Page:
A Trip Down Media Memory Lane – Part II

I Have A Healthy Addiction: ReadingI Have A Healthy Addiction: Reading

Although from time to time, I wouldn’t mind watching a movie more than once, I could never do the same when it came to reading a book. Even if it was a book I hadn’t read in quite some time and couldn’t even remember most of the story or who the author was. I don’t know why, I can’t explain it. That’s just the way it is.

Most bibliophiles would agree with me, that the book is 99.9% better than the movie.  I would  read the book and see the movie to compare the two, only to be somewhat disappointed. Ideas for movies come from many sources, but I find the majority of ideas comes from books.

Non-bibliophiles, my common-law partner included, would always answer something along the lines of, “Is there a movie about it (meaning the book)?Then I’d rather watch the movie.” He reads to educate himself and prefers non-fiction over fiction.  While I read books on finance, investing and blogging to educate myself, I also love to read fiction.  Like many PF bloggers, I love reading, thus I love writing. The two past-times seem to go hand in hand. I enjoyed the many book fairs and read-a-thon fundraisers in school.  I loved going to the library and still do.

Books Are Here To Stay

Although it doesn’t strike us as an obvious choice, but books, magazines, and newspapers are a form of media. Print media, that is. Before we were able to bring ideas and dreams to real life in real-time, they were written and printed in text. It was up to our own imagination to visualize what the author was trying to say.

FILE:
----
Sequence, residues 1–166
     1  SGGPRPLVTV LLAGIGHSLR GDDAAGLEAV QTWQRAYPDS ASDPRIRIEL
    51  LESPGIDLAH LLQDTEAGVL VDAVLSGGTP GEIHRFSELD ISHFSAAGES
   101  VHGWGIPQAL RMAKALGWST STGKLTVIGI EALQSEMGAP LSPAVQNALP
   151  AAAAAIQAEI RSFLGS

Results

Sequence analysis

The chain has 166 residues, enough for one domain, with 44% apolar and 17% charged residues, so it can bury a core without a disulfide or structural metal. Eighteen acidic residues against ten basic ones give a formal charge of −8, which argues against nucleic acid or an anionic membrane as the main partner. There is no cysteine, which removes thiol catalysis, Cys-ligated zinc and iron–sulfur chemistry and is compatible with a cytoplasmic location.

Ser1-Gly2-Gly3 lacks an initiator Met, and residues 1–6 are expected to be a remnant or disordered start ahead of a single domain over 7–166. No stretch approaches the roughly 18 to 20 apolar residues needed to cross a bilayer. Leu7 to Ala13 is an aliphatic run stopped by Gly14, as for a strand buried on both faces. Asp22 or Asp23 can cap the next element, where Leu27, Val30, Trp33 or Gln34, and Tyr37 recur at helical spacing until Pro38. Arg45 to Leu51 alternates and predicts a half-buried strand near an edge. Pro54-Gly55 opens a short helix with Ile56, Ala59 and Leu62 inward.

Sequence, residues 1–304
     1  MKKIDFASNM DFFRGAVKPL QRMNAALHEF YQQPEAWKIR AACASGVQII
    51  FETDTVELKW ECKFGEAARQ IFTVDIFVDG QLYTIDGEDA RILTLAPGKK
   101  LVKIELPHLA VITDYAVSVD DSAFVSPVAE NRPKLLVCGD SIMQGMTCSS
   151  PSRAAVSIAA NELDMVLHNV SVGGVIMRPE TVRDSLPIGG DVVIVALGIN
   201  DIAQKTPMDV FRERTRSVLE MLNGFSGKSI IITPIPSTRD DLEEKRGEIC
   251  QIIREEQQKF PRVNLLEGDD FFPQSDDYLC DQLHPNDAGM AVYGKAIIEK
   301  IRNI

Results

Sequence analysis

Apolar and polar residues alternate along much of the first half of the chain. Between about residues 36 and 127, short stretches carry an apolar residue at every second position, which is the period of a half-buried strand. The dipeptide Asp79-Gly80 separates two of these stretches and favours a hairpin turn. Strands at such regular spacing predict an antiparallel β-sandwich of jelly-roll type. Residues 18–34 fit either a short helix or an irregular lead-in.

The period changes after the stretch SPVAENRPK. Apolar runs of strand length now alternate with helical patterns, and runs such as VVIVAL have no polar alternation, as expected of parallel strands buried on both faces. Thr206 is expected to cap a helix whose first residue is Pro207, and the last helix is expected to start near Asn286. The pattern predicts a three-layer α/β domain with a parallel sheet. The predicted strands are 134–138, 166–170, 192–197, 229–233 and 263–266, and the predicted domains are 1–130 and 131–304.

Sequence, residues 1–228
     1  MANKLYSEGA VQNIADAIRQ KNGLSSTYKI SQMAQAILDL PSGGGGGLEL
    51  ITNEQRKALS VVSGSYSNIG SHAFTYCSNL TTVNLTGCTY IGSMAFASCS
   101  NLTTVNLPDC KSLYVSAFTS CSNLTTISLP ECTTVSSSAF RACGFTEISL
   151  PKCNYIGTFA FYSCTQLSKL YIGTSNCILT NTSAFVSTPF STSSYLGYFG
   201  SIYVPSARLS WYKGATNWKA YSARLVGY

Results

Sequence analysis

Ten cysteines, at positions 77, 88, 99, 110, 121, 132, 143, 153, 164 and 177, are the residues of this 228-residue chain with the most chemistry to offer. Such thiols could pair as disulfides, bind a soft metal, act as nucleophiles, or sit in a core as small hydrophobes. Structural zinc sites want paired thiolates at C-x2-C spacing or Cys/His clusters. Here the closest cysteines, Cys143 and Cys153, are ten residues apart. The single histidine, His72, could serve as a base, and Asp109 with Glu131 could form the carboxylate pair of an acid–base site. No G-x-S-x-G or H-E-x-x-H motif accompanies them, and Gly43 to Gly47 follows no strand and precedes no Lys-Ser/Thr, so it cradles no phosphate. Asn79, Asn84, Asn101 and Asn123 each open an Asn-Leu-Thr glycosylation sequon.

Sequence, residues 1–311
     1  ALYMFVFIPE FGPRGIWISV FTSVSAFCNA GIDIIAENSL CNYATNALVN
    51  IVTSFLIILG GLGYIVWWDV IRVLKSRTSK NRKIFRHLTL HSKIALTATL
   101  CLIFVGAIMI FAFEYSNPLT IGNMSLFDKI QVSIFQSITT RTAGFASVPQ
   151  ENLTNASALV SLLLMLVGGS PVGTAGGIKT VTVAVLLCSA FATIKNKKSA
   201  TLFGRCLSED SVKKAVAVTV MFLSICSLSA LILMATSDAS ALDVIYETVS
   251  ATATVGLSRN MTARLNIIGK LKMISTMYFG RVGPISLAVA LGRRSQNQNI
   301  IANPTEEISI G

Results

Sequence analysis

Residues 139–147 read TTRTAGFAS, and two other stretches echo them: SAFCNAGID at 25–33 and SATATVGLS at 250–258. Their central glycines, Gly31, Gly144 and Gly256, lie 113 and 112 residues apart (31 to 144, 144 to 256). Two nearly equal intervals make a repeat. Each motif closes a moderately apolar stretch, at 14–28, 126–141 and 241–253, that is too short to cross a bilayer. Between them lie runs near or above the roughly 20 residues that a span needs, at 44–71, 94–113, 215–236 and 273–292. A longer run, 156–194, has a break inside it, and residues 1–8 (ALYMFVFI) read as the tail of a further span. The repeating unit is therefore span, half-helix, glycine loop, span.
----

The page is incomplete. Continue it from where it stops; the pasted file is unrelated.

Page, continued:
Everything was open to interpretation.

Despite the technology craze or boom, books, magazines and newspapers  have adapted in the form of e-books, e-readers and online versions. At the same time, they have still managed to stay in its original form.  When you set foot in a bookstore, there is a display of e-readers and e-reader covers, however the rest of the store is dominated by the hardcover and paperback books. People still cozy themselves in a corner of a bookstore, coffee shop or their own house and read a book. A real book.

The real thing seems  to grab hold of several of my senses. It’s the feel of the book, holding it in your hand. The sound of the page turning or closing the book shut after you’ve finished a reading session. The smell of it. The sight of the cover and the book itself. Being able to see the title  on its spine when placed on the bookshelf.

Of course, you don’t actually taste books.  But I hunger for the next best read to satisfy my literary appetite.

Are you a bibliophile? What are some of your favourite reads?


A Trip Down Media Memory Lane – Part 1

Once Upon a Time, There Was a Form of Media Called the Video Tape

I’d like to take two trips down memory lane. The first one involves renting videos from the video rental store. I remember going to the convenience store near my parents’ house and asking them if I could rent cartoon movies. A long, long time ago there were these devices called video tapes. In a way, they were similar to cassette tapes, but bigger and you had to press buttons to rewind and fast forward through the movie. Who could ever forget that message on the case: PLS BE KIND and REWIND.  You wouldn’t want the next renter to press play only to find out they have to rewind the entire thing (which at the time, seemed like an eternity).